When I got to their home, I was surprised to find that their ‘high speed’ internet was actually slower than dial-up, and I spent the entire day either on hold with the internet company or waiting for programs to download. Here is what happened:

Customer Service (CC): My name is Bibtwidea (or something like that, couldn’t understand a damn thing she said anyway) how can I help you!

Me: Yes, I am at a client’s home, attempting to set up their Internet, but the modem is not working.

CC: How may I know your name?

Me: WTF? How may you know my name? when I tell you, that’s how

CC: How may I know your name?

me: WTF?

CC: your name sir, what is your name?

me: Ted, call me ted

CC: Okay Tim, what do you need?

me: As I said earlier, the modem isn’t working, my client has no internet service.

CC: Why I talk to you?

me: because the homeowners have no clue about the internet and explaining it to me once should be easier than explaining it to them five times!

CC: okay. there is nothing wrong with modem, problem is you.

me: WTF? Me? did I hear you right? I need help to reset the modem and see if it will work…you brazen philiFUCKINGpino or whatever the hell you are

CC: I have fixed modem while you ramble on. you Canadian people always ramble

me: WTF I said that alot during this call. Now I need to download your internet security program that my client is already paying you $5 per month for. Is this program compatible with Windows 8?

CC: Of course it is, our software is always up to date. follow this link and download the program. There will be a password in your email.

me: That simple? I am afraid!

CC: Is there anything else I can do right now?

me: nope, thanks

I went to the link, (it took forever) and began the download. She promised me that the high speed modem was working properly, but a 180mb file took four hours (READ THAT…4 HOURS) to download.

When the program was downloaded, and after four hours of staring at the screen, a windows error popped across the screen stating that the program was NOT COMPATIBLE with Windows 8!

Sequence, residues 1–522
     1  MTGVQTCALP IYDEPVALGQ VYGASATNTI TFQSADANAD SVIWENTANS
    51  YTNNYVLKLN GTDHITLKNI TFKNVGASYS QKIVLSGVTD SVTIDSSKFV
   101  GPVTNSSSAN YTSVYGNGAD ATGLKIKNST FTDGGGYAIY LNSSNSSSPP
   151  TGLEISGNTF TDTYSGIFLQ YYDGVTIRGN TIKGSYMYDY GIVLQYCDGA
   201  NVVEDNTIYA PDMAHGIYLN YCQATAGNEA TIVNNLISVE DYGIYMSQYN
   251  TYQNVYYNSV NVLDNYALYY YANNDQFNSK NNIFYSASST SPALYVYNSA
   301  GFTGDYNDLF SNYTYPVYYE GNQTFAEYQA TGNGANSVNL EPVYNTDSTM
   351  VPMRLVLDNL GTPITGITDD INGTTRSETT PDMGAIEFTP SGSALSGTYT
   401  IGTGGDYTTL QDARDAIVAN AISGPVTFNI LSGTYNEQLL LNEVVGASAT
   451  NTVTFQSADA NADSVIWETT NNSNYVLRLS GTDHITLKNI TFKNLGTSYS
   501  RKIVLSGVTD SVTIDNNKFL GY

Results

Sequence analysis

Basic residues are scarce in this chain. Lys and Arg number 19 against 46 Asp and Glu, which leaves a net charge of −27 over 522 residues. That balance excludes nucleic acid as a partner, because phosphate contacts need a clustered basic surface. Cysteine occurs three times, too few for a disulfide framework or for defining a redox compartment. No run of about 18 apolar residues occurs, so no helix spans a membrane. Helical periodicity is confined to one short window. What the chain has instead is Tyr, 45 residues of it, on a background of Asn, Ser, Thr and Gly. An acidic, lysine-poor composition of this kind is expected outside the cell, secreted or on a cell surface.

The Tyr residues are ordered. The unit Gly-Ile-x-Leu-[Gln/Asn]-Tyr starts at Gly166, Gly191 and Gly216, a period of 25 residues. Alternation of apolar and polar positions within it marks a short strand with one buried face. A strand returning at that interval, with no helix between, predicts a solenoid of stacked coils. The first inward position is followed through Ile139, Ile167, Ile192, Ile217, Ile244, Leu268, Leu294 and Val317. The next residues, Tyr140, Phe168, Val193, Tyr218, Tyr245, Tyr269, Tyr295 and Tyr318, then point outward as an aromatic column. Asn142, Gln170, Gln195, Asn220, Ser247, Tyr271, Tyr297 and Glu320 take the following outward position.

I was mad enough to fire the computer through the window, but it wasn’t the computer’s fault, it was Bibtwidea’s fault for misinforming me that their software was all up to date.

I called tech support. A nice English speaking lady answered the phone, but immediately transferred me to Tech Support…in EAST INDIA.

TS: My name is BRRRRASHA. How may I know your problem.

me: Oh No, not again! My client is paying for your internet security anti virus program and it is not compatible with Windows 8, how can we fix this?

TS: Sir, you are mistaken, it works fine with windows 8.

me: obviously it doesn’t, I have the error message in front of me. Get me your supervisor!

TS: Sir, no need for that, just go to this link and download the newly updated program.

Me: the internet connection is too slow, it will take forever

TS: No sir, we updated your connection speed, it is now superfast.

I went to the link and begun the download. This time it was faster, it only took 3 hours to download a 160mb file. I clicked on the install button…

ERROR 153218098930809
PROGRAM NOT COMPATIBLE WITH WINDOWS 8

I called the customer service dept again, this time mad enough to kill, and I got the same person again (What were the chances?)

me: I don’t care who the hell you are, you told me that the program was compatible, and it isn’t.

TS: Sir, you must have download wrong, it is easy, just click link.

me: Listen here, I am mad enough to invade your country right now! Your program isn’t working. Please transfer me to the business office so that I may cancel payment on your antivirus program…and do it now.

TS: one minute sir.

An english speaking woman appeared on my line. I begged her not to transfer me to India again. She laughed.

Billing Dept (BD): My Name is Thelma. Don’t worry sir, we won’t transfer you. How may I help you?

me: your antivirus isn’t compatible with Windows 8. I tried to download it twice and it doesn’t work.

BD: I could have told you that, a ton of our customers have the same issue with the new OS. I imagine that you want me to remove the program from your bill.

me: Finally someone who listens! Thelma, do you think that maybe you and the tech support department might get together to swap notes? It bothers me when the billing department knows more about tech support than the tech support dept does.

Thelma: Ya, I think you are right sir. If I were you I would download Norton or something.

In a conversation with my client, we discussed the possibility of them changing Internet servers. They are making the call in the morning.

Drivers beware

Here’s proof that we Newfoundlanders are too trusting.

I was just driving up the highway towards my home when I noticed this guy, totally dressed in Camo, and holding an axe. He was hitchhiking. When I drove on past him, he looked confused to why I never gave him a ride. HE HAD AN AXE!

A few other cars passed, and he had the same look on his face. (like what is wrong with you people, haven’t you ever given an axe wielding maniac a ride before) Finally, someone did stop and give him a ride.

Note to drivers: Never, never give a guy with an axe (or any other possible weapon) a ride.

Kevin

Having just wrote a memoir post about my first car, it got me to thinking of my youth and the friends I had back then. One of my best friends was a geeky nerdy guy named Kevin.

I met Kevin one evening while parked on The Food Center parking lot. This was (and still is) a place where you parked your ride and showed it off, and maybe picked up a few girls and went crusin’.